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* The applicability of this trope to ''RanmaOneHalf'' ''Manga/RanmaOneHalf'' is a matter of heavy, ''[[AlternativeCharacterInterpretation heavy]]'' personal opinion, as none of the characters are portrayed as anything more than remotely honorable and both messes are played for all the comedy they can. It mainly pops up in regards the LoveDodecahedron, as this isn't merely a matter of multiple girls being attracted to the same guy. Akane Tendo and Ukyo Kuonji both have an ArrangedMarriage to Ranma Saotome, and in Ukyo Kuonji's case she also has a ChildhoodMarriagePromise from Ranma ''and'' Genma stole her dowry after agreeing to the arrangement. Shampoo's bond to Ranma may only be an AccidentalMarriage, but her people take it seriously enough that she was cursed just for coming back without him the first time. A few fans also think Ranma's reluctance to reveal the fact Ryoga is P-chan to Akane stems from an honor conflict (typically considered to be Ninjo versus Giri), as he did originally make a promise in his head when he believed Ryoga to be a stray dog he had found that he would keep Ryoga's curse a secret, noting it was the "warrior's code" to do so, only to then find out that Akane intended to take her new pet to bed and make an attempt to remove him from her bedroom.



* Much of the main plot of ''Anime/{{Monster}}'' happens the way it does because Tenma tends to view his act of saving Johan in terms of ''giri'' -- he is chasing Johan to put right that which he did wrong, and is not interested in taking time off to prove his innocence until his obligation is fulfilled. The longer Johan remains alive, the more innocent people will die on account of it. On the same side, Tenma also holds the virtue of ''Ninjo'' as a core of his philosophy and will take a detour if it means saving innocents. On the counter-side one might say that Johan is acting out of a twisted sense of ''On''.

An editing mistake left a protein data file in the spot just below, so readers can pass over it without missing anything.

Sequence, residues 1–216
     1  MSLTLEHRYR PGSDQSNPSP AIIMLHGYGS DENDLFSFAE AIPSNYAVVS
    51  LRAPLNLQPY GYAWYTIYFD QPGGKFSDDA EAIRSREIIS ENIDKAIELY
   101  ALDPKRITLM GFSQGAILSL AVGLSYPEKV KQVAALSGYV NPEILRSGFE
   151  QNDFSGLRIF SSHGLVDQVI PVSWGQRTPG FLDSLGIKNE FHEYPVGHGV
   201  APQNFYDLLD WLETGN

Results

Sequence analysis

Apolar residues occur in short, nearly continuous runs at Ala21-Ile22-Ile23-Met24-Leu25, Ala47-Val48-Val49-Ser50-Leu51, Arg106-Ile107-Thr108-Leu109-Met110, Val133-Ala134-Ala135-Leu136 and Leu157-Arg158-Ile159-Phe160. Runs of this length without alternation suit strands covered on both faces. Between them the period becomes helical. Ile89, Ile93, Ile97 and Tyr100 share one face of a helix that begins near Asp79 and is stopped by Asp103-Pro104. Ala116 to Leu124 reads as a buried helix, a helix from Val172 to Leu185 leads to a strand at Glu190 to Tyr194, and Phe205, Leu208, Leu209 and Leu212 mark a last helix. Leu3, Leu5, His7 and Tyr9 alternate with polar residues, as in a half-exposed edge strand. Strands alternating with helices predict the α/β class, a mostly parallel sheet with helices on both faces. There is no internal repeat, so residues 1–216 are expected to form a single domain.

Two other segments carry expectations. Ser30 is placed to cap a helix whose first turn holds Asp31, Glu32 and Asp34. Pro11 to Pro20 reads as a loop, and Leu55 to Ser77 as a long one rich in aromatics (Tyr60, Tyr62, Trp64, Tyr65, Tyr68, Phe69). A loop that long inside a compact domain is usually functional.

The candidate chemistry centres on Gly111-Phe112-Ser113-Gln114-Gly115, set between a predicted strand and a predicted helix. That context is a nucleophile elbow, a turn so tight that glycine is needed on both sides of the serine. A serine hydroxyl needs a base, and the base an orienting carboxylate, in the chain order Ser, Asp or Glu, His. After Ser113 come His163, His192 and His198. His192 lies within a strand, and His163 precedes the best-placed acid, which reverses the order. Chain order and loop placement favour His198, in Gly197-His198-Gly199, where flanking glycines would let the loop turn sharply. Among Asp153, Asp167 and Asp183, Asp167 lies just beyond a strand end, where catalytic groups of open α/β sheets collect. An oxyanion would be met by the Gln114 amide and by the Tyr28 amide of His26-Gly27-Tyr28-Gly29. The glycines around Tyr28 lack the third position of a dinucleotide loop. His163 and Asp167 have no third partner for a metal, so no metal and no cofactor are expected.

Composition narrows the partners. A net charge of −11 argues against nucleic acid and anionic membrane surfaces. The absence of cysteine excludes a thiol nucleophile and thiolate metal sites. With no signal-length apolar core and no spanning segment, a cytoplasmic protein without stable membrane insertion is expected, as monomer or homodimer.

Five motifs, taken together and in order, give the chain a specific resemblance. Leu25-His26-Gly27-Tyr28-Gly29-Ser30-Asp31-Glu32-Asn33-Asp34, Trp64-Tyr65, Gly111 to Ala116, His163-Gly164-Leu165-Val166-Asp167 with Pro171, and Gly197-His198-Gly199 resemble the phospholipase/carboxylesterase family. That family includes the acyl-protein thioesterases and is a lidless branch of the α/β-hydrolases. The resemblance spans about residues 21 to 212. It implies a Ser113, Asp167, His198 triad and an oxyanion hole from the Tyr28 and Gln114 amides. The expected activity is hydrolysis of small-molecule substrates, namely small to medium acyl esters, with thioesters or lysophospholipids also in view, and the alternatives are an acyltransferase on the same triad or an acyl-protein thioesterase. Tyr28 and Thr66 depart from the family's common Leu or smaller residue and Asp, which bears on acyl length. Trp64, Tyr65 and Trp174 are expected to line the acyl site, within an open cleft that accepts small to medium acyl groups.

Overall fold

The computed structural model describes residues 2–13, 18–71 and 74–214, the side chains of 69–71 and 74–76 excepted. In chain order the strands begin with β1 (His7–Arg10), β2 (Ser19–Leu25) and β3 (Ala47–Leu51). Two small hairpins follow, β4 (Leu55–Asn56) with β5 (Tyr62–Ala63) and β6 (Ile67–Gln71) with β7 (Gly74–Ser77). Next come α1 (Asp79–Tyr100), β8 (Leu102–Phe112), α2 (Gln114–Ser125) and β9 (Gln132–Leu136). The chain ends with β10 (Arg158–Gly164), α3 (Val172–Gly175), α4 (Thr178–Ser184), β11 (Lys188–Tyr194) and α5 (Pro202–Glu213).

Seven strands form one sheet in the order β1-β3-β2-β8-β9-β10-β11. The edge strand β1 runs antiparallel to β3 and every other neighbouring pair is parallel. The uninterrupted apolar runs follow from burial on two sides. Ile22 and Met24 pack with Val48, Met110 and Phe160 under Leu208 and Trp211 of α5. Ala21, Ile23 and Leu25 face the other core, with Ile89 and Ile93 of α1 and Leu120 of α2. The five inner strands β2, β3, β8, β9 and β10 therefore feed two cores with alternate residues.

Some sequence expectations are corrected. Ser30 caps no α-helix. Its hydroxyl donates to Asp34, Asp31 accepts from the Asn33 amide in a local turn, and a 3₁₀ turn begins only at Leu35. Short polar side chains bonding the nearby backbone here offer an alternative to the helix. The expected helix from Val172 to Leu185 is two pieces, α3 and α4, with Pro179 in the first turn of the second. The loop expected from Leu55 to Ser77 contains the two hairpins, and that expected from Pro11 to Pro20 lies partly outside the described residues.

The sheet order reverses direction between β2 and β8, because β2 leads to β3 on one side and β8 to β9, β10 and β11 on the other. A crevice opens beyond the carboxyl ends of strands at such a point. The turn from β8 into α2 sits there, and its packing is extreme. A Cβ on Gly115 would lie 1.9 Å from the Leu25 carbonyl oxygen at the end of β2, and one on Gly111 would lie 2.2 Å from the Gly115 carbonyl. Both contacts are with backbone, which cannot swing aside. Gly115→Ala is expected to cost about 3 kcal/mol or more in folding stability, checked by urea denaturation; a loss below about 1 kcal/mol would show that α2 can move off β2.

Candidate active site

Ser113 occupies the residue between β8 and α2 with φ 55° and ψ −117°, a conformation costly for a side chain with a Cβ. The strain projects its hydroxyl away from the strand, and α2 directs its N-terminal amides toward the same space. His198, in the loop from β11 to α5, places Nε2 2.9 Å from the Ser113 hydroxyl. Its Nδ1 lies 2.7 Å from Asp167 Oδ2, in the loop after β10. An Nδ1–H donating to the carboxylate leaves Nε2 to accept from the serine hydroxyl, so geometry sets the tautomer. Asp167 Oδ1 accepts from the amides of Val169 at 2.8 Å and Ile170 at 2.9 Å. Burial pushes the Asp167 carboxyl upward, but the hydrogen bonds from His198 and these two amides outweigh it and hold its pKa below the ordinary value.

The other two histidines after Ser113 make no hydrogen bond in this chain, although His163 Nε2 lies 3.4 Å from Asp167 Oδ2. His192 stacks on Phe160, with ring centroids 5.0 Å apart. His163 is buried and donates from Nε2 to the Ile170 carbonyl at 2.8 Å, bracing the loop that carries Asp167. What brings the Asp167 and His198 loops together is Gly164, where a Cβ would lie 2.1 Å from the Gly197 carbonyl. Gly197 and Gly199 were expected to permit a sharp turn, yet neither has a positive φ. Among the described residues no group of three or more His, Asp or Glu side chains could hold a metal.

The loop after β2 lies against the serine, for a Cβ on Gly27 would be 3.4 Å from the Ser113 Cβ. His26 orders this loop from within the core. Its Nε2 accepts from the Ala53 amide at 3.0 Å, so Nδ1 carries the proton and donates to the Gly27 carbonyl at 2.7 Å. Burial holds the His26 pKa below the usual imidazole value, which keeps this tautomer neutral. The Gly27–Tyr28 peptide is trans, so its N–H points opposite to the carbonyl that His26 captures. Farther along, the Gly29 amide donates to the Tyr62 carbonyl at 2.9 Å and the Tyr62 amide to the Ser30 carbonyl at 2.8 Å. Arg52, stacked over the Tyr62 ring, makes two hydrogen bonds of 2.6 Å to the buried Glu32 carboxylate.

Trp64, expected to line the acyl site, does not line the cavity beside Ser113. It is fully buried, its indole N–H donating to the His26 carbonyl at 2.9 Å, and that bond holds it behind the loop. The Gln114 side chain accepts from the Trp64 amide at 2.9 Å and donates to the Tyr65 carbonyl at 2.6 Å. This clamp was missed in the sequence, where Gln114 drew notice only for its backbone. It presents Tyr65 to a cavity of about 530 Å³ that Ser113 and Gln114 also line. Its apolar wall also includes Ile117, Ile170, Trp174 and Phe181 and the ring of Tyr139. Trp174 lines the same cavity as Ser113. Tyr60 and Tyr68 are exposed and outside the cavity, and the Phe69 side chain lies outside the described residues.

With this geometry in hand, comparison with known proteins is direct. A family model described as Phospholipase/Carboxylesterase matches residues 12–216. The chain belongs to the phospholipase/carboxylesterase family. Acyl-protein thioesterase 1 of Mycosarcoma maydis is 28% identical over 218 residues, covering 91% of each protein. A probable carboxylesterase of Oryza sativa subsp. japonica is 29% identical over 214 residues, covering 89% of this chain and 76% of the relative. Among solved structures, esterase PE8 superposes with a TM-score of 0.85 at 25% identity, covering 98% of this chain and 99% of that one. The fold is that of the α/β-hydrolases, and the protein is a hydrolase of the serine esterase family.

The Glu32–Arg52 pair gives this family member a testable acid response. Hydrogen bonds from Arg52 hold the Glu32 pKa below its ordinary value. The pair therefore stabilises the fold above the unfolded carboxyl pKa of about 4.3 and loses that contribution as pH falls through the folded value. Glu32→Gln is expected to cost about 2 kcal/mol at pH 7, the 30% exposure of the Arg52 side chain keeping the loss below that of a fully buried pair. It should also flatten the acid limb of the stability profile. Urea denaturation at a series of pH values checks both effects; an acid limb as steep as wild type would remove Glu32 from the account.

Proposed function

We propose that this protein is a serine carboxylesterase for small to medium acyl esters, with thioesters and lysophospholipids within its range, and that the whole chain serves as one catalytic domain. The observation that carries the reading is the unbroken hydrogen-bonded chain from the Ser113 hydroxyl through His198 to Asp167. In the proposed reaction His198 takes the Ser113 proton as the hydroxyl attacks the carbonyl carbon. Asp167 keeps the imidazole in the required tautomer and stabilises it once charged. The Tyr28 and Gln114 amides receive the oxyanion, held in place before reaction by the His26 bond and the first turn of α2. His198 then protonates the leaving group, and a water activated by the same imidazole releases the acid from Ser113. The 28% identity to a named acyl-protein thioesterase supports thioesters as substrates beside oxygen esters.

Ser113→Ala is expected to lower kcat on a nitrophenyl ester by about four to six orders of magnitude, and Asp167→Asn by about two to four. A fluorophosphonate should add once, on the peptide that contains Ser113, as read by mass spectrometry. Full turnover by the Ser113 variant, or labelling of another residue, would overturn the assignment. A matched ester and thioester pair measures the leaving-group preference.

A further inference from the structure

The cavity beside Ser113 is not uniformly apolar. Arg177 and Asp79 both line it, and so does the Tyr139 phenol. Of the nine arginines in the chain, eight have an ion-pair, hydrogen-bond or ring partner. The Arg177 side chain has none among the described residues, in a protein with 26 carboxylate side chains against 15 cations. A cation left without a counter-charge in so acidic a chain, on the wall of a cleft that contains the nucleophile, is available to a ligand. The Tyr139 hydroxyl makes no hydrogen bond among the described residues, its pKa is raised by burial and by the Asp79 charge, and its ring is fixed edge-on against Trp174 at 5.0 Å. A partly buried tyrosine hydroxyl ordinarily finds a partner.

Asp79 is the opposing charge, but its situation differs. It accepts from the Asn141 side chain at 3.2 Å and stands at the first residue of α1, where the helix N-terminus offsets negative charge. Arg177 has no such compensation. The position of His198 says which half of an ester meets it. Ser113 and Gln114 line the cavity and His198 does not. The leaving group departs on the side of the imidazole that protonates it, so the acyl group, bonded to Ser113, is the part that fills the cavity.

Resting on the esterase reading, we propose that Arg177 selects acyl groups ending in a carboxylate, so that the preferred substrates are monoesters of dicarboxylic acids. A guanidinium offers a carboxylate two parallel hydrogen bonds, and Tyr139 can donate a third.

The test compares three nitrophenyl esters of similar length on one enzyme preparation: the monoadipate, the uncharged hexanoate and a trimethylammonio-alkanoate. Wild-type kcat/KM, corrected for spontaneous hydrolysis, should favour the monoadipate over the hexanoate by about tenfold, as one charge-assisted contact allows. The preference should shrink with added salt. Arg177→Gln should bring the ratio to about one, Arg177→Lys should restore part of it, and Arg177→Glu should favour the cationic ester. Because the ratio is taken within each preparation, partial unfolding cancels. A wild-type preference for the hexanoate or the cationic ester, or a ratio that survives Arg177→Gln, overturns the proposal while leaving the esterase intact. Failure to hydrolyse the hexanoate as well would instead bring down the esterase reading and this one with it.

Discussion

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* Much of the main plot of ''Anime/{{Monster}}'' ''Manga/{{Monster}}'' happens the way it does because Tenma tends to view his act of saving Johan in terms of ''giri'' -- he is chasing Johan to put right that which he did wrong, and is not interested in taking time off to prove his innocence until his obligation is fulfilled. The longer Johan remains alive, the more innocent people will die on account of it. On the same side, Tenma also holds the virtue of ''Ninjo'' as a core of his philosophy and will take a detour if it means saving innocents. On the counter-side one might say that Johan is acting out of a twisted sense of ''On''.



* ''{{Vagabond}}'' has MiyamotoMusashi effectively owing his life to Yoshioka Denshichirou who told him to stay alive and train until they can duel again the next year, since their first fight is interrupted by a fire in the dojo. Musashi does just this and ends up cutting him down. Nevertheless, even when the remaining heir to the Yoshioka plots his death by having all of their seventy remaining members attack him, before the fight he thanks them silently for his being "raised in the bosom of the Yoshioka" (as in that year given to him by Denshichirou he greatly improved), then [[spoiler:he kills them all]].

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* ''{{Vagabond}}'' ''Manga/{{Vagabond}}'' has MiyamotoMusashi effectively owing his life to Yoshioka Denshichirou who told him to stay alive and train until they can duel again the next year, since their first fight is interrupted by a fire in the dojo. Musashi does just this and ends up cutting him down. Nevertheless, even when the remaining heir to the Yoshioka plots his death by having all of their seventy remaining members attack him, before the fight he thanks them silently for his being "raised in the bosom of the Yoshioka" (as in that year given to him by Denshichirou he greatly improved), then [[spoiler:he kills them all]].



* In ''TowerOfGod'' Gimu is the reason Hatsu wanted to help Rachel continue to climb the tower.
* ''FistOfTheNorthStar'' features multiple variations on the same theme: Shuu blinding himself to save a young Kenshiro, Falco severing his own leg to convince Raoh to leave his village alone, Shachi [[EyeScream plucking out his own eye]] to save Kenshiro, and Ohka throwing herself off a cliff to convince the Hokuto priests to spare her sister's son. In all of these, the party in question has essentially burdened their aggressor with a debt that can ''never'' be repaid.